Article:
Weinberg EO, Scherrer-Crosbie M, Picard MH, Nasseri BA, MacGillivray C, Gannon J, Lian Q, Bloch KD, Lee RT. 2005. Rosuvastatin reduces experimental left ventricular infarct size after ischemia-reperfusion injury but not total coronary occlusion. American journal of physiology. Heart and circulatory physiology. 288(4):H1802-9. Pubmed: 15563531


This study compared the effects of rosuvastatin on left ventricular infarct size in mice after permanent coronary occlusion vs. 60 min of ischemia followed by 24 h of reperfusion. Statins can inhibit neutrophil adhesion, increase nitric oxide synthase (NOS) expression, and mobilize progenitor stem cells after ischemic injury. Mice received blinded and randomized administration of rosuvastatin (20 or saline from 2 days before surgery until death. After 60 min of ischemia with reperfusion, infarct size was reduced by 18% (P = 0.03) in mice randomized to receive rosuvastatin (n = 18) vs. saline (n = 22) but was similar after permanent occlusion in rosuvastatin (n = 17) and saline (n = 20) groups (P = not significant). Myocardial infarct size after permanent left anterior descending coronary artery occlusion (n = 6) tended to be greater in NOS3-deficient mice than in the wild-type saline group (33 +/- 4 vs. 23 +/- 2%, P = 0.08). Infarct size in NOS3-deficient mice was not modified by treatment with rosuvastatin (34 +/- 5%, n = 6, P = not significant vs. NOS3-deficient saline group). After 60 min of ischemia-reperfusion, neutrophil infiltration was similar in rosuvastatin and saline groups as was the percentage of CD34(+), Sca-1(+), and c-Kit(+) cells. Left ventricular NOS3 mRNA and protein levels were unchanged by rosuvastatin. Rosuvastatin reduces infarct size after 60 min of ischemia-reperfusion but not after permanent coronary occlusion, suggesting a potential anti-inflammatory effect. Although we were unable to demonstrate that the myocardial protection was due to an effect on neutrophil infiltration, stem cell mobilization, or induction of NOS3, these data suggest that rosuvastatin may be particularly beneficial in myocardial protection after ischemia-reperfusion injury.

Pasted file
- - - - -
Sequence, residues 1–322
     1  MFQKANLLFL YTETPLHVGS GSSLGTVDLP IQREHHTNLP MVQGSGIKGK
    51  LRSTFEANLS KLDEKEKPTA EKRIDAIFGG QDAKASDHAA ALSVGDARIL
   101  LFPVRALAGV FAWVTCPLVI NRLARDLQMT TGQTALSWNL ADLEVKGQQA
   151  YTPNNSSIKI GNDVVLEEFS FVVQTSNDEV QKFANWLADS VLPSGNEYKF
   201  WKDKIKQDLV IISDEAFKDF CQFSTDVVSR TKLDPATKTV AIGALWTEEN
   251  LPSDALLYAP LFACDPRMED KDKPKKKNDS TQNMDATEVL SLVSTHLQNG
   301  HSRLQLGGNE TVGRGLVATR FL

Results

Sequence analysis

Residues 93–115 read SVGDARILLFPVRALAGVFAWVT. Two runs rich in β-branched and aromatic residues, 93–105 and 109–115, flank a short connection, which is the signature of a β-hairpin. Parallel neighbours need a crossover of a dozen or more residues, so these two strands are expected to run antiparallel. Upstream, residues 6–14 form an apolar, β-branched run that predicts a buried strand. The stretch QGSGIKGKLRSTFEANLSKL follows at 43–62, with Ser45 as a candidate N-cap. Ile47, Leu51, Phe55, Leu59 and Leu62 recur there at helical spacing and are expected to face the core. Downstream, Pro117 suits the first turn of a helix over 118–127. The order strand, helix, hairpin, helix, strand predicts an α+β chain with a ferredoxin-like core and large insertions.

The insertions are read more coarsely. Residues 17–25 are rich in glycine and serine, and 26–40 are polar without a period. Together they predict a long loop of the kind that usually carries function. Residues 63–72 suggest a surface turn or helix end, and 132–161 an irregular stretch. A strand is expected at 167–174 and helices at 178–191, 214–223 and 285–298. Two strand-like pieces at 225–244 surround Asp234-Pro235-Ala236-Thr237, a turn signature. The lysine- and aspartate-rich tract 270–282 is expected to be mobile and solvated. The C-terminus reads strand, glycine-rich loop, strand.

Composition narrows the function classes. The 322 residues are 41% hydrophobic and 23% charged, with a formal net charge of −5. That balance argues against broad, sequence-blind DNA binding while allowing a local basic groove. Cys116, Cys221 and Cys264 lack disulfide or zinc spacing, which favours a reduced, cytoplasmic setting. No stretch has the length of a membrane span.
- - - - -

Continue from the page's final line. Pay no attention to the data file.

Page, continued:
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Rich Lee seeks to understand heart failure and metabolic diseases that accompany human aging, and translate that understanding into therapies. Lee is an active clinician, regularly treating patients at Brigham and Women’s Hospital.

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